Published Monday, Jan. 23, 2012 | 10:49 a.m.
Updated Monday, Jan. 23, 2012 | 6:53 p.m.
The legal and PR team of former Henderson City Councilwoman Kathleen Vermillion held a news conference Monday afternoon to outline what they called “improper” behavior by Clark County Commissioner Steve Sisolak toward Vermillion’s teenage daughter.
The news conference, which featured video of the teenager calling the county commissioner a “scumbag,” capped a day of dueling accusations between Vermillion and Sisolak, who ended their five-year romantic relationship in October.
The feud became public last week, when Vermillion filed a lawsuit accusing Sisolak and Clark County of defamation and invasion of privacy for allegedly spreading the story that she had tested positive for a synthetic opiate. Vermillion also alleged that Sisolak had an “improper” relationship with at least two underage children, her daughter and her daughter’s friend.
All sides agree that the legal teams for Sisolak and Vermillion met Sunday to discuss the allegations, but differ on the nature of that meeting.
Sisolak filed a police report Monday morning and held a news conference where he accused Vermillion, her attorney Robert Martin and public relations expert Mark Fierro of criminal extortion. Sisolak said Martin and Fierro had during the Sunday meeting asked Sisolak for $3.9 million to make the lawsuit “go away.”
Sisolak said he and his attorney Stan Hunterton met with Vermillion’s legal team because he had heard they were planning a news conference and he wanted to discuss it. He claims that during the meeting Fierro, who represented the Clark County firefighters union during their contract fight with the county, said as a “side benefit,” he could guarantee no interference from firefighters in Sisolak’s re-election campaign this year.
In the police report, Sisolak names Vermillion, Martin and Fierro.
Vermillion’s team said it was, in fact, a settlement conference to discuss a payment because Vermillion will likely be forced to leave the area because her reputation has been damaged, Martin said. In a statement, Martin said: “For Sisolak to use a word like extortion is the act of a desperate man … To be clear, we are not alleging any criminal conduct on Sisolak’s part. We are alleging that he has injured Ms. Vermillion and her family by his wrongful conduct.”
But it was Sisolak’s reputation that Fierro and Martin questioned during their Monday afternoon news conference. The media were shown a highly edited video interview of Vermillion’s 15-year-old daughter.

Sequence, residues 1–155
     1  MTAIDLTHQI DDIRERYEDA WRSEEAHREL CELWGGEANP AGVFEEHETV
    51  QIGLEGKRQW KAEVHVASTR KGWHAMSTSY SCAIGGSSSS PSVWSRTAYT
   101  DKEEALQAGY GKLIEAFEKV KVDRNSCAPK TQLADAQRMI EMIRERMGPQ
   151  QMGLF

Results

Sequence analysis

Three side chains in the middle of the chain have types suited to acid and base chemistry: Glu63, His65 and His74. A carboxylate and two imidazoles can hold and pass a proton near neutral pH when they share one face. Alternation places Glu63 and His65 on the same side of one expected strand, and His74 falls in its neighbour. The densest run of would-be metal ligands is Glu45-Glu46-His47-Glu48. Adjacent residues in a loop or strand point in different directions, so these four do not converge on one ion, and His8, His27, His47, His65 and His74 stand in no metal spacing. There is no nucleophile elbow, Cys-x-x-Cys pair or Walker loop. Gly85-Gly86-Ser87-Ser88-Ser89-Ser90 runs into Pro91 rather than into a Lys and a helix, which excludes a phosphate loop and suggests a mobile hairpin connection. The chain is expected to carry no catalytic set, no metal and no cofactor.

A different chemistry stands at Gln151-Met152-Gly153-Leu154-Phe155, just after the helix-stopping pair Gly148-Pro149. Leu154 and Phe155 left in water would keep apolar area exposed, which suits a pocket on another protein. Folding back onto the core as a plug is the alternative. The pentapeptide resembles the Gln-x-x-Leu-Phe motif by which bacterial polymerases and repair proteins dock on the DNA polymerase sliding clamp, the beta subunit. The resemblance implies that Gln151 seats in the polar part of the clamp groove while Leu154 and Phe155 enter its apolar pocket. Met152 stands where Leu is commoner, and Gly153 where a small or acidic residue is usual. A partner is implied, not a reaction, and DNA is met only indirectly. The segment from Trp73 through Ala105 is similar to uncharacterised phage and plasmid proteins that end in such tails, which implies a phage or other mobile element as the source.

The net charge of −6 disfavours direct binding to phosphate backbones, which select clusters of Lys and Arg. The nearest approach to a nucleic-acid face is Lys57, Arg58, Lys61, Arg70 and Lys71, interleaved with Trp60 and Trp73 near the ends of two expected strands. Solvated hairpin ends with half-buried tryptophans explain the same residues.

In the video, the daughter said on two or three occasions Sisolak took her to the lingerie store Victoria’s Secret. She also said Sisolak would give her money and send her text messages after 11 p.m.
Fierro said the messages and money came even after Sisolak and Vermillion broke up in October.
“After 11 o’clock at night,” Fierro said. “Does that sound like the actions of a reasonable person?”
Fierro and Martin said nothing of a criminal nature had occurred between Sisolak and Vermillion’s daughter. But Fierro said as a public figure Sisolak is held to a higher standard. “It’s bad judgment on behalf of a public official,” he said.
(Fierro and Martin said the other child referenced in the lawsuit was the teen’s friend, who had not yet agreed to make her interview public.)
During his five-year relationship with Vermillion, Sisolak said he developed a paternal relationship with Vermillion’s two children. “They took normal, innocent gestures” and tried to turn them into something tawdry, Sisolak said.
Fierro and Martin were asked to provide the entire taped interview. The two said it might be released later. Asked if the girl was coached to provide answers, Fierro replied: “This is the extent of the coaching: ‘Tell us what happened.’ ”
Asked for copies of the texts, Fierro replied “that’s what the girl says. And maybe you don’t believe her. And if they’re there, we’ll bring them.”
Fierro said after the breakup Vermillion “doesn’t have any money,” and she tells Sisolak she is going to sell $100,000 worth of jewelry he bought her over the years. Fierro said Sisolak called Vermillion’s son and said he would buy it and give half of the money to the children.
“There’s a card that he sends. ‘I’m just a phone call away’ to a 15-year-old girl. ‘I love you,’ ” Fierro said.
But Sisolak explained the jewelry incident differently.